Can you remember somebody coming in to rookie camp and making you say “Wow”?
“I said this yesterday that the very first rookie camp in 2006, Marques (Colston) really struggled. The receiver out of Oregon State, (Mike) Haas, was running all over and catching the ball. If you just watch that first rookie camp, you would’ve had the other player making the team and Marques not. You have to be careful to be patient. You’re trying to prepare them to allow them to put their best foot forward so that you can get a true evaluation on their strengths and weaknesses. You don’t want to instantly evaluate and make conclusions. But those impressions are important. Are they in shape? The challenge these players face is that they do so much postseason work and travel and visiting teams that it is hard for them to stay in a training regimen. The higher draft picks especially, they want to be in shape but yet they are traveling. The impressions are important and it begins the process.”
Can you talk a little bit about your success with small school guys in the past?
“I have been trained that real good football players have come from everywhere. Certainly, more of them come from the larger colleges. The better high school recruits end up at the bigger schools. When you see LSU, Georgia, Alabama or Michigan, some of these schools have seven or eight or nine guys in the last three days that are going to be on a training camp roster. Just as it is for us, there is no science to this draft. The same exists in the recruiting process. The players slip and end up at other schools. The bigger challenge is always trying to evaluate how they’re doing versus that level of competition. When we watched (DJ) Fluker go against (Barkevious) Mingo, you kind of get the chance to see what we think is a pro right tackle up against a pro end or outside backer and you kind of get an easier evaluation. Watching (Terron) Armstead go against a guy that might be selling insurance in two months is a harder evaluation. We hope that they dominate that level of competition. They stand out on the tape, I think that’s a better word. That would be the challenge in scouting the other schools. But, every year we see it and we don’t purposely set out to look for that player. But, each year, if we feel like the grade matches the round then we’re not afraid of that.”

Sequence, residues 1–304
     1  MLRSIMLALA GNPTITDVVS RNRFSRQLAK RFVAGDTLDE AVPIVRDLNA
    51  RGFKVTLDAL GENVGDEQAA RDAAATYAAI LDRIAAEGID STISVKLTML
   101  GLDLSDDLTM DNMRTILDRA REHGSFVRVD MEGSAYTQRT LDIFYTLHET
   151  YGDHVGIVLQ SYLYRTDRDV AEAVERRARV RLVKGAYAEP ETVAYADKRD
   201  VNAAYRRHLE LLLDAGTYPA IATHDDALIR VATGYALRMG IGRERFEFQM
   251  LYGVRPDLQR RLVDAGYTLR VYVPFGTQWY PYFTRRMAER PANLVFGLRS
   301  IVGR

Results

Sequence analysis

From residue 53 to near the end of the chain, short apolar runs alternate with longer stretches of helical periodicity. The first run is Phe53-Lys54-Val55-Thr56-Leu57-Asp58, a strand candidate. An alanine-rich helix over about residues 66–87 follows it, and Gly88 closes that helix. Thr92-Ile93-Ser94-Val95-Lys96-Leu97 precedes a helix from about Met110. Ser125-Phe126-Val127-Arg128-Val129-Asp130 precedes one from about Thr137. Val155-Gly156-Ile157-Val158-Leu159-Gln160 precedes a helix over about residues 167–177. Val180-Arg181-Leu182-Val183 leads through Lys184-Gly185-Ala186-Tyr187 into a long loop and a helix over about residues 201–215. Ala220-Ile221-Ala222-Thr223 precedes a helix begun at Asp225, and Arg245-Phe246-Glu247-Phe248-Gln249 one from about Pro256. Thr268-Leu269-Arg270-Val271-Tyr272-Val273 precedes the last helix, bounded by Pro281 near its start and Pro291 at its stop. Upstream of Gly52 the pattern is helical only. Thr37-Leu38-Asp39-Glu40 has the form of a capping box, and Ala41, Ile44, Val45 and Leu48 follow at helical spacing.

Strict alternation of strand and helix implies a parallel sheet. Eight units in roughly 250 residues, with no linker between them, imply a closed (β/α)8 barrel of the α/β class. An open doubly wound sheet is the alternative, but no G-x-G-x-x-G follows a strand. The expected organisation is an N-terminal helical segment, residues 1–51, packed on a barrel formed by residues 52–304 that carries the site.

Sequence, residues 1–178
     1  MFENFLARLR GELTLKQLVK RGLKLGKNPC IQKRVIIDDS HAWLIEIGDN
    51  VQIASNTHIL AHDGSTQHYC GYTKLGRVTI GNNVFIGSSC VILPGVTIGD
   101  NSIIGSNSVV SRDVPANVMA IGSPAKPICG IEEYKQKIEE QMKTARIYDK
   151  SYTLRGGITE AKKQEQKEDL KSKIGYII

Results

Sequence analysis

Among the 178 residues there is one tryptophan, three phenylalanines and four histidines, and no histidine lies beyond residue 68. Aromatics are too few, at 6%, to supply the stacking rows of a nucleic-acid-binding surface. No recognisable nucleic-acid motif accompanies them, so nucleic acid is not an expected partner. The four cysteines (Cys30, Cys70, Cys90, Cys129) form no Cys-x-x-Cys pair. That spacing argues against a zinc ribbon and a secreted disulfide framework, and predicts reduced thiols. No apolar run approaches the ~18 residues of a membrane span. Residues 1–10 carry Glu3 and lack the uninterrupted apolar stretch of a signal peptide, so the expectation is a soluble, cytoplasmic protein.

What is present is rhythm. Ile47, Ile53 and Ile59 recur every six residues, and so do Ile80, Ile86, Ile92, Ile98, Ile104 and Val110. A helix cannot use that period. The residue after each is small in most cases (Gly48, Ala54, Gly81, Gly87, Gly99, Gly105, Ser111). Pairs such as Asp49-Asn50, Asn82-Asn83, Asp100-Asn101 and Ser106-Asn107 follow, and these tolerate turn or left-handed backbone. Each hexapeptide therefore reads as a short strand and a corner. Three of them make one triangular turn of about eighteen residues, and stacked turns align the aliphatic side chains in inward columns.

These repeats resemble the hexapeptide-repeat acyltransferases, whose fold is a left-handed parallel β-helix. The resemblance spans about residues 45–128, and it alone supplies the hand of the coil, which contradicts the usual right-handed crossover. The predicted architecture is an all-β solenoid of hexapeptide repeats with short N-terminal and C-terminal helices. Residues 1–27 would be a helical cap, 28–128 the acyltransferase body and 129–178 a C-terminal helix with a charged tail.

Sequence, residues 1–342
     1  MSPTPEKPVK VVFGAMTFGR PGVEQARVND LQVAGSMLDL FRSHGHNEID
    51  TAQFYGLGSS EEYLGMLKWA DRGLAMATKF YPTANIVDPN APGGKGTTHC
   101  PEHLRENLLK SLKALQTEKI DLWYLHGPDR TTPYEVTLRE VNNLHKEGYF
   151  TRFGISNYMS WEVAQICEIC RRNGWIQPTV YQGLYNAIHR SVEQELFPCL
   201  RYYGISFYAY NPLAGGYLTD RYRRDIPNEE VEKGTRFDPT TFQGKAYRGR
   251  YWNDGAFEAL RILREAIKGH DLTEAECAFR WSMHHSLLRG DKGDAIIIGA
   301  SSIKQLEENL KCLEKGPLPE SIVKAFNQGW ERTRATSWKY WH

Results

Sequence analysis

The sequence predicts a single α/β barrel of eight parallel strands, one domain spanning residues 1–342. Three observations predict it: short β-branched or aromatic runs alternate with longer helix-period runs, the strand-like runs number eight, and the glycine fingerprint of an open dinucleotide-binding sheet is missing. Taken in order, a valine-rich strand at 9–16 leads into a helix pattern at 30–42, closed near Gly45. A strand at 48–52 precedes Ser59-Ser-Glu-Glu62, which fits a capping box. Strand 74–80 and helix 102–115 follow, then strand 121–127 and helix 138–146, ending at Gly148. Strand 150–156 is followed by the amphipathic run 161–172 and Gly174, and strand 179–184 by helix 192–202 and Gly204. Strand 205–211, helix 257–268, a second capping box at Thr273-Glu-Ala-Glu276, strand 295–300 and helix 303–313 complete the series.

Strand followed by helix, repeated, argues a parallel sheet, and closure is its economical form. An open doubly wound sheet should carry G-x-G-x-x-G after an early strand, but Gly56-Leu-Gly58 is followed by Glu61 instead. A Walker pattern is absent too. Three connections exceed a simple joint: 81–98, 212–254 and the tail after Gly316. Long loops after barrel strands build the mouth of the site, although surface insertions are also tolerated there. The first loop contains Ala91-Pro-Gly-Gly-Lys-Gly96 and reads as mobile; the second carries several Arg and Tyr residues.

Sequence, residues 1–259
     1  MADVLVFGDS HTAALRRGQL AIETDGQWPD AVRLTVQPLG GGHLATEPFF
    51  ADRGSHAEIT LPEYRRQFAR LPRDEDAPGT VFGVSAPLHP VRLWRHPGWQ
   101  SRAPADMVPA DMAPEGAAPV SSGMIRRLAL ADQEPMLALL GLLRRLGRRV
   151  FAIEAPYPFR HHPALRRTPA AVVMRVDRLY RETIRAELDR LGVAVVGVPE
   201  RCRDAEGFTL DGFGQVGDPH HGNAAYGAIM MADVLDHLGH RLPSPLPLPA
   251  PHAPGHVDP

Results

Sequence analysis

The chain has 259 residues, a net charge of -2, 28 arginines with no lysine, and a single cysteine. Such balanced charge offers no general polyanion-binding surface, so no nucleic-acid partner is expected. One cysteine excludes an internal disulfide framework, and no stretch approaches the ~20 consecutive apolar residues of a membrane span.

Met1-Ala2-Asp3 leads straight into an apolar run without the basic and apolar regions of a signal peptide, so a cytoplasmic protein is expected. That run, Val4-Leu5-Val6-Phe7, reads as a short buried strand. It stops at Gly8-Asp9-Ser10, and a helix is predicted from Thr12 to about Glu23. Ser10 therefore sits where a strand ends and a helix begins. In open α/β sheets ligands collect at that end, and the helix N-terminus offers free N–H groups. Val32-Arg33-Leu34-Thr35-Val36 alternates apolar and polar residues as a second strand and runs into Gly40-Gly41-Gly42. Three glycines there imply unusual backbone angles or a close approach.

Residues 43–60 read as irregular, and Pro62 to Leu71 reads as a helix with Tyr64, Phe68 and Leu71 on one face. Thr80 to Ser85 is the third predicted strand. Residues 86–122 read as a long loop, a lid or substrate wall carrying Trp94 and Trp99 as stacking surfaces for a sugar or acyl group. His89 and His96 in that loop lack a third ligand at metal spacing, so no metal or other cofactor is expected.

“We were speaking about this first pick, and I knew what the first cloud looked like. I said there is a couple of potential tackles, there’s a couple of pass rushers, there’s two corners, one safety. There were players at offensive positions that we weren’t going to take and we wound up taking the safety. Our players understand the nature of this business; they get it. They understand that every year, there’s always going to be an influx of players that are wanting to compete to make a roster. I think Malcolm said it best that for us (that) to be as good as we can as a football team, we have to have an environment that starts with competition and it will bring out the best in all of us, including the coaches, the front office and our roster. It’s a competitive league; we know that. I think that aspect, our team will benefit from it. So whether that pick was an end on defense, a linebacker, or defensive back, there are a lot of variables that go into picking at 15 as opposed to selecting your choice of many of them. We’re just trying to pay attention to what’s best for the New Orleans Saints as we move forward. I was happy we were able to get a defensive player as well as later on do the same thing with a couple picks.”
Will Rufus Johnson play strictly outside linebacker?
“I think the plan for us is to have flexibility. I think we see him as one of the outside, either the Sam or the Jack is where we would start him. I don’t know how much potential he has, but I think he has enough growth potential to where if he wasn’t comfortable out there we feel like he could be strong enough inside at one of the end spots. I think, just in our scheme, he would be one of those outside two positions.”
Is there a type of player that you specifically target?
“We are trying to pay attention to the right type of guys that fit what we’re looking for. Now that is a topic different from some of the skill sets that we talk about like size, speed, and measurables. We are now dealing with another element that I think helps us as a team and as a locker room. We always look at it and take the approach of how they fit in. I think our players are counting on likely motivated guys- guys who have that in common. I think that that is one of the things you get to find out pretty quickly.”
From a philosophy standpoint, is there a point in the process where you more or less risk it by maybe taking a chance on a player kind of early?
“At the beginning of this draft there would be certain players, either medically or from a character standpoint, that would be just entirely eliminated. There is a grade medically and a character grade that is not a grade that has eliminated a player, but it is noted and that player would be considered later in the draft because of that. It has changed how we value the player, but it hasn’t eliminated the player.”